Marijuana advocates will be back at the State House in next year's legislative session pushing for something more like full legalization -- like what’s happened in Colorado and Washington State.
It hasn't come close to happening here yet, but some companies are already trying to make sure they'll be ready if it does.
In the first half of this year, people in Colorado spend $70 million buying pot legally, bringing the state more than $11 million in tax revenue.
This year in Maryland, Del. Curt Anderson (D-Baltimore City) sponsored a bill that would have made marijuana legal to buy and sell here.
“This is a radical idea supposedly, but when you start to really look into it and you see the fact that marijuana certainly is not as dangerous a drug as alcohol and it doesn't kill you like cigarettes, then people start thinking, why is this drug illegal?” he said during an interview with ABC2 News in February of this year.
Washington State has also gone to full legalization -- but more slowly than Colorado. Already, dealers have been overwhelmed by the demand.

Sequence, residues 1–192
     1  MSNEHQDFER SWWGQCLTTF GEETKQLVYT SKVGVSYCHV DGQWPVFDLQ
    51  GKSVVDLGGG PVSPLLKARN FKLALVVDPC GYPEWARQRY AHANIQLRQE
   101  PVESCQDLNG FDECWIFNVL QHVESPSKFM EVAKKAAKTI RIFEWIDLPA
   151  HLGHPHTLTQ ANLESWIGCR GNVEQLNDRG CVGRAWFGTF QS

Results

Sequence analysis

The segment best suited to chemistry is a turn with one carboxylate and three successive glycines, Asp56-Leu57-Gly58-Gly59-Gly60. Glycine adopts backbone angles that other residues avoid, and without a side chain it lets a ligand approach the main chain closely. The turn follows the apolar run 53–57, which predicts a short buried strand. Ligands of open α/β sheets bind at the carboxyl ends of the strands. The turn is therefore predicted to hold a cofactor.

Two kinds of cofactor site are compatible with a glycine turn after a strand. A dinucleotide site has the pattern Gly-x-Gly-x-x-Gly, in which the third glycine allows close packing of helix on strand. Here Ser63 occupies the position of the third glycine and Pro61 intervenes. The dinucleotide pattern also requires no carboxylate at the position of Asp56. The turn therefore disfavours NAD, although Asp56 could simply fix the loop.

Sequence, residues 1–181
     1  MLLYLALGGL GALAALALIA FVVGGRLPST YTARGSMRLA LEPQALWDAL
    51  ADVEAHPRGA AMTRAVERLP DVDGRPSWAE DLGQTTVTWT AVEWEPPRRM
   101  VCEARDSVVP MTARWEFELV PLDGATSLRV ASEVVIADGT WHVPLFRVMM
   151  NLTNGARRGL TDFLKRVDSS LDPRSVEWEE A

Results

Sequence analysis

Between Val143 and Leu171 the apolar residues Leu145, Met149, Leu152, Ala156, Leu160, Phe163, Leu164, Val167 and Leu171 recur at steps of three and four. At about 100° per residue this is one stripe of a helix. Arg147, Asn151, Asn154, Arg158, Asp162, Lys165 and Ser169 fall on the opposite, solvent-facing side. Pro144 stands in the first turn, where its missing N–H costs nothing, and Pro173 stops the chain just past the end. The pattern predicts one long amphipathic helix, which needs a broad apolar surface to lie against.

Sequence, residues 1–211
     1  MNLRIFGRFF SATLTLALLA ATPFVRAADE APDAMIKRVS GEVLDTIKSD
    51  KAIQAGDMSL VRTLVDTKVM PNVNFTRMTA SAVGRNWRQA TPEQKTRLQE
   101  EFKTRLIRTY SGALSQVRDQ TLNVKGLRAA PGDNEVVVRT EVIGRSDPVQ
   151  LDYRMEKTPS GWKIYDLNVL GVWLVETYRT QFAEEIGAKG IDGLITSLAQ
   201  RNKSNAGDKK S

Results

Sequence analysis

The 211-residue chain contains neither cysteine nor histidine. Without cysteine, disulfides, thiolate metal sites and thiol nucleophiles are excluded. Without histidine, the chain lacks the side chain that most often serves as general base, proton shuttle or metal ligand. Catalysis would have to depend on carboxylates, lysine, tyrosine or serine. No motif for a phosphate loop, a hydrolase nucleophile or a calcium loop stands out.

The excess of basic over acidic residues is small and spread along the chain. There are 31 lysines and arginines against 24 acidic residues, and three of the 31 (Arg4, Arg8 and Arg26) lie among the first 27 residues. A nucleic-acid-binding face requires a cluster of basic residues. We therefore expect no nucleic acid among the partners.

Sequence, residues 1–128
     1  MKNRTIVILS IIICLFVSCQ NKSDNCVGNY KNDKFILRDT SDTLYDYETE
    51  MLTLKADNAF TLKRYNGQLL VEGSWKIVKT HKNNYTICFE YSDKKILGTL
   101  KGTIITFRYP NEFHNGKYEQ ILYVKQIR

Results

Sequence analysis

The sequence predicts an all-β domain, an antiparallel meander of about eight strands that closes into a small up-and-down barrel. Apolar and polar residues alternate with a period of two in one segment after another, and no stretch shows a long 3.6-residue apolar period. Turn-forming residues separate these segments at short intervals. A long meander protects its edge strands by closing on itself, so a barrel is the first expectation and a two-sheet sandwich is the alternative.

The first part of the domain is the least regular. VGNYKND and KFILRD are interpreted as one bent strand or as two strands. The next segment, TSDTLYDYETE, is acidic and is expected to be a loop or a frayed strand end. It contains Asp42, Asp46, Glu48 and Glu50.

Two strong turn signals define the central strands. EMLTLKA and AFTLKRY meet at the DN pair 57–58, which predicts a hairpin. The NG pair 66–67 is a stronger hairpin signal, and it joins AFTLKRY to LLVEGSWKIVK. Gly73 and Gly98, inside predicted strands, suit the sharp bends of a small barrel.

“This whole past week we've been working 12 to 15 hours a day. I hear that there's about 500 pounds for the whole state and that means there's going to be shortages for people,” one dealer said.
Matt Herman, a lawyer from Michigan, believes that kind of demand also exists in Maryland.
His company, Cannabis Solutions, is raising money for a large-scale growing operation in Colorado.
He is looking for investors in our state, and also employees to try and help the company -- literally -- grow here.
“The marijuana / cannabis industry is just like the Wild West,” he said. “As they transition to a few licensees, they're going to be in smooth sailing and not make criminals out of law-abiding citizens"
Herman believes having a few large marijuana producers would make it easier for the state regulate and tax them. And of course, he would like Cannabis Solutions to be one of those producers if legalization ever does come to the Free State.
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“If I'm being honest you know just a straight decriminalization, recreational just 'go' as of tomorrow it wouldn't go well,” he said. “You really need a lot of careful planning and I think the steps that Maryland is taking towards that on maybe a two or five year plan are the appropriate steps.
“The last thing you want to do is just rush to get some laws done because your session is ending and not have something that's well thought out.”
There was some movement on the marijuana issue in the 2014 legislative session. Gov. Martin O’Malley signed a bill that decriminalizes possession of small amounts of marijuana . The law will go into effect on October first.